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Why the UK Journalist Bashir to apology to William and Harry ?

The 55-minute interview, which was aired on BBC’s Panorama programme, featured Princess Diana giving a detailed account of her turbulent relationship with Prince Charles and opening up about his affair with Camilla Parker Bowles.

 

More than two decades later, Princess Diana’s eldest son Prince William, who is second-in-line to the throne, accused the BBC of failing his mother by fuelling her paranoia and worsening her relationship with Prince Charles.

 

A recently released report based on an independent inquiry revealed that former BBC reporter Martin Bashir used deceitful means to obtain a sensational interview with Princess Diana in 1995, and his actions were covered up for decades by his bosses at the public broadcaster.

 

Martin Bashir, the BBC journalist who tricked princess Diana into giving an explosive interview, on last Sunday apologised to Princes William and Harry but said claims linking his actions to her death were “unreasonable”.

 

The backlash against the BBC is not limited to the royal family alone. The British government, too, has condemned the broadcaster for failing to abide by its own editorial standards. Prime Minister Boris Johnson expressed his concern, and several of his ministers warned of fresh reforms. Afterall the issue is from the British Royals, who are world famous Royals existing in the universe.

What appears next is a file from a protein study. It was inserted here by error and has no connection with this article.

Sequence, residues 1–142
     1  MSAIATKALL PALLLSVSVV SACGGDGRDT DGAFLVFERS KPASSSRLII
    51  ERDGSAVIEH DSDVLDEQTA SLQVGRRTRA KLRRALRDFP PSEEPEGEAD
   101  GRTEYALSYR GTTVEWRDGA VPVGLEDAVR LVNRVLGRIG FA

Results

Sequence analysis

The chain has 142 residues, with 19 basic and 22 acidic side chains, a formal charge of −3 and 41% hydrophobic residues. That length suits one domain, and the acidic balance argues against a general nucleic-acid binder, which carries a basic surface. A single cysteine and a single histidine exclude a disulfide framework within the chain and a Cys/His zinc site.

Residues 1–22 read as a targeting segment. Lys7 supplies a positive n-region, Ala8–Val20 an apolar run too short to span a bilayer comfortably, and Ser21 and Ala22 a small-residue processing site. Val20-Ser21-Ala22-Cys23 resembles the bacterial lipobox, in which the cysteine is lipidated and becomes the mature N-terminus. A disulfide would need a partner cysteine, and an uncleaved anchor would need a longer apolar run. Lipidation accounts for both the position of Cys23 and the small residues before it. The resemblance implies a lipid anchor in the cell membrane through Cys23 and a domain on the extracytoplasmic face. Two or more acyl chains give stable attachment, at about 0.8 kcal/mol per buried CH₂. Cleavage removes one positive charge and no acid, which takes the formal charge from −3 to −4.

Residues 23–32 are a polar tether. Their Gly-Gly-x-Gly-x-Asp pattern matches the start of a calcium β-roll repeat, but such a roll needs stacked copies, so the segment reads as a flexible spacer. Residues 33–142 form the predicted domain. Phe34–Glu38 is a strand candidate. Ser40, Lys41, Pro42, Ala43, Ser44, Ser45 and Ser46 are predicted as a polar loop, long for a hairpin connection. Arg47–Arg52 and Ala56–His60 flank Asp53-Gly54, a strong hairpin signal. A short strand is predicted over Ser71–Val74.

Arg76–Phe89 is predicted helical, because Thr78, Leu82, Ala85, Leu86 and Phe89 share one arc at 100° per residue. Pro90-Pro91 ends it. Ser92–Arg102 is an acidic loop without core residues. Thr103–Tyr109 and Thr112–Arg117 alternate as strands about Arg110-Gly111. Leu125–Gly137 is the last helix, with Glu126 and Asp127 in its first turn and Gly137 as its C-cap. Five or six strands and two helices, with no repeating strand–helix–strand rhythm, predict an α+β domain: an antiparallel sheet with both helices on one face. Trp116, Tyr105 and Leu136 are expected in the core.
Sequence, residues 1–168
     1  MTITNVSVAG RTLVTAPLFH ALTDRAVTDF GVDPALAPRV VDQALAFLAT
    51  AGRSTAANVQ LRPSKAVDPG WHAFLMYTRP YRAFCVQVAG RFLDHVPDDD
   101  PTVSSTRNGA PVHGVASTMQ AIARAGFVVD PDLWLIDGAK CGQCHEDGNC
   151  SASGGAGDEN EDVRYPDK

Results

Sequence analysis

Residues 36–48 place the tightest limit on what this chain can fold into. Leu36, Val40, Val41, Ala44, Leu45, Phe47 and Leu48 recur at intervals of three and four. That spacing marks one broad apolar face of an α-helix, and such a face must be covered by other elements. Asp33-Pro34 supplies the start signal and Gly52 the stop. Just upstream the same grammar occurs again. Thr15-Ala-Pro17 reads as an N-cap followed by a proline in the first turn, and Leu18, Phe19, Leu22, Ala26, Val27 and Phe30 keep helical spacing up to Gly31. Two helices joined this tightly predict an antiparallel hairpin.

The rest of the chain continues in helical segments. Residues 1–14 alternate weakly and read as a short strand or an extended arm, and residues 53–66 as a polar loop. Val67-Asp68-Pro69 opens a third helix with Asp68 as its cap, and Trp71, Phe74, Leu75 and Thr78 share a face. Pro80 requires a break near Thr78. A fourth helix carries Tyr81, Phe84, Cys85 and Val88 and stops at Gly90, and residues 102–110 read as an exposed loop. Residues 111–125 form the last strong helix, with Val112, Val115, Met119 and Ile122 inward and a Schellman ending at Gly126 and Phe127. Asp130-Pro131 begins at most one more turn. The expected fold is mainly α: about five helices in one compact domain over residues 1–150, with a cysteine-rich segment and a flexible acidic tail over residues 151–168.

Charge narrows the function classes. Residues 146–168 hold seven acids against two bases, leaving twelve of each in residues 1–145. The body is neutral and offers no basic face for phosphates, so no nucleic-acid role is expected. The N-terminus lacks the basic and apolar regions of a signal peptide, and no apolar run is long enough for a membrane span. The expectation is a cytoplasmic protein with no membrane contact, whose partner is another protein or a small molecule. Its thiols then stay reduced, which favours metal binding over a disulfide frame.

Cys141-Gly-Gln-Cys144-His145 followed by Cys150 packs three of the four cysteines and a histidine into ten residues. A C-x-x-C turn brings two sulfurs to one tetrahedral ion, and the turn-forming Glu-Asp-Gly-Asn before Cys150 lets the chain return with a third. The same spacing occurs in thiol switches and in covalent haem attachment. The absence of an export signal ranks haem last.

The interview aired, Princess Diana giving a detailed account of her turbulent relationship with Prince Charles and opening up about his affair with Camilla Parker Bowles, who went on to become the Duchess of Cornwall.

 

“Well, there were three of us in the marriage, so it was a bit crowded,” she famously told Bashir. Diana also admitted to having been unfaithful to Charles in a five-year long affair with cavalry officer James Hewitt.

 

Soon after the birth of Prince William, Diana suffered from postnatal depression. She revealed that she had even tried to hurt herself during the painful period. When Bashir asked if her mental health issues affected her marriage, she said: “it gave everybody a wonderful new label – Diana’s unstable and Diana’s mentally unbalanced. And unfortunately that seems to have stuck on and off over the years.” She also spoke about her struggle with Bulimia.

 

The interview sent shockwaves across the country and was viewed by over 20 million people. Within a month of its release, Diana’s press secretary resigned and the Queen wrote to her and Prince Charles, urging them to get divorced.

 

Two years after the interview, Diana was killed in a car crash along with her partner Dodi Fayed while being chased by paparazzi on motorcycles.

 

A report by retired senior judge John Dyson published on Thursday found that Bashir commissioned faked bank statements that falsely suggested some of Diana’s closest aides were being paid by the security services to keep tabs on her.